Raan Mussallam

A: There is something majestic about cooking a big piece of meat, something that is not appreciated if you are not a meat lover. Since most of the friends who visit us are either vegan or vegetarian, I don’t usually get a chance to indulge in experimenting with a big piece of meat. It was therefore an opportunity I was looking forward to when we had a couple of friends visiting from France for the year end festivity.

A leg of lamb complete with the meat on the bone is what you need for this dish. Rick Stein’s journey through India last year has inspired me to try quite a few recipes from his book. I decided to try out his take on the Raan Mussallam.

There are some golden rules when cooking a good piece of meat. Slow cooking on very low heat is always much better than cooking on high heat. Marination for a long time helps to infuse the flavours inside the meat and this is the secret of the taste. Also resting the meat after roasting is essential before serving. There is also a secret that I have learned from Nilanjana’s experiments with bread baking. It helps a lot to keep the meat succulent if you put a tray of water in the oven to create a moist environment inside the oven. Armed with these basic principles, I dived in with my 2 kg piece of Welsh meat.

N: Anirban have been wanting to cook this for a very very long time and now there was no stopping him. I came back home from work to find half an animal on the top rack of the fridge. Our friends are connoisseurs of meat and it was assuring to know that it will be well appreciated. I was myself looking forward to rubbing the spicy paste on the meat. I have often watched, with envy, the love and care with which livestock farmers massage their herd. I hope one day in not so distant future I would be able to do that – massaging an Aberdeen Angus with Guinness. For now working the meat with the spice paste was my way of saying thank you for the food we were about to enjoy.

A: Ingredients for the spice paste:

75 ml vegetable oil

250 gm onions thinly sliced

30 gm cloves garlic roughly chopped

30 gm fresh ginger roughly chopped

55 gm cashew nuts

75 gm desiccated coconut

300 gm thick Greek-style yogurt

3 tbsp red wine vinegar

2 tbsp freshly mixed Garam Masala

2 tsp salt

2 tsp Kashmiri chilli powder

Main Ingredient: 2 kg leg of lamb on the bone

I started off by heating the vegetable oil in a heavy-based saucepan on medium heat. The onions go in first when the oil is hot enough. It takes about 10 minutes for the onions to take a deep brown colour. I added the ginger and garlic at this point and fried the mixture for 2 minutes. To get the spice paste, I put all the other ingredients along with the fried onion, ginger and garlic in a food processor and blended. Once cool, the paste is ready to be gently rubbed on the meat.

The meat needs to be pricked all over with a sharp knife making 1.5 cm incisions. About two-third of the marination paste needs to be gently rubbed on the meat placed on a roasting tray and then left aside for 30 minutes.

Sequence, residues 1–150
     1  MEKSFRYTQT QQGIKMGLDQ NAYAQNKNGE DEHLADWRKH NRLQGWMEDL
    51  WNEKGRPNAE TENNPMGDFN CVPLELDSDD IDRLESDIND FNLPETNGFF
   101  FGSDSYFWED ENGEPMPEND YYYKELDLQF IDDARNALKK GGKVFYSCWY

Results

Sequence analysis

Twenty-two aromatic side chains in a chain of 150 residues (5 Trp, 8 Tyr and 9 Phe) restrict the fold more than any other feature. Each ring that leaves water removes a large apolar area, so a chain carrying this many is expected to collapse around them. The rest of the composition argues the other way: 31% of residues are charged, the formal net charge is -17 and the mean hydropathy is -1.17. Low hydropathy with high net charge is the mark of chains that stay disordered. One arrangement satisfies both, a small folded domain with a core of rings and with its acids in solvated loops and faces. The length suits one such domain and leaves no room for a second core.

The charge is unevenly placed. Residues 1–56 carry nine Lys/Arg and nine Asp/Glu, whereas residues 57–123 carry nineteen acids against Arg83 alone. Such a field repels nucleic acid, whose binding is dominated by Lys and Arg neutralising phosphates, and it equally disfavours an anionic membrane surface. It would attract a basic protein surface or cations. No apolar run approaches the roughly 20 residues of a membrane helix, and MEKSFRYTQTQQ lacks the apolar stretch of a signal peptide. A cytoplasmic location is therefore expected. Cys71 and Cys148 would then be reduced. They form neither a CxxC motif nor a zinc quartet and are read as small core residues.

Marinated and ready to go in the oven

Meanwhile preheat the oven to 150°C. Once the roasting temperature is reached, insert a tray half filled with water at the bottom of the over. This will prevent the meat from going dry.

Put the remaining one-third of the marination paste in the bottom of the roasting tray along with 300 ml of water. Loosely cover the roasting tray with an aluminium foil and roast in the oven for one and a half hours.

CopyrightHalf Way

After roasting under cover

At this point remove the foil from the roasting tray and let the meat roast without cover for another 30 minutes.


It’s ready 🙂

It is important to let the meat rest for at least 15 minutes outside the oven before carving fairly thick slices for serving. This is enough meat for 6-8 people.

Nilanjana baked some lovely pitta breads and I boiled some basmati rice to go with the meat.

It is a bit tricky to choose the red wine to go with this dish. The spice in the meat is pretty strong and most easy drinking reds feel rather tasteless. We tried it with a full bodied Chianti Classico Reserva which complimented the strong meaty taste. The other option could be a pale ale served at room temperature. Any drink which needs to be served chilled doesn’t go well as the taste buds are numbed by the cold and the lovely taste of the meat is lost.

N: The meat just gets better with time. We cut the leftover pieces the next day and cooked them with the juice from the bottom of the tray and it was divine. One can cook big pieces of meat only for such special occasions but I am going to try the spice paste as a recipe for gravy for smaller chunks of meat. I am not sure Anirban will approve but I will have to deal with it.



  1. Nice, will try the trick of using the water filled tray when making tandoori chicken etc – thanks for the tip! Have only used that technique for making doi before.

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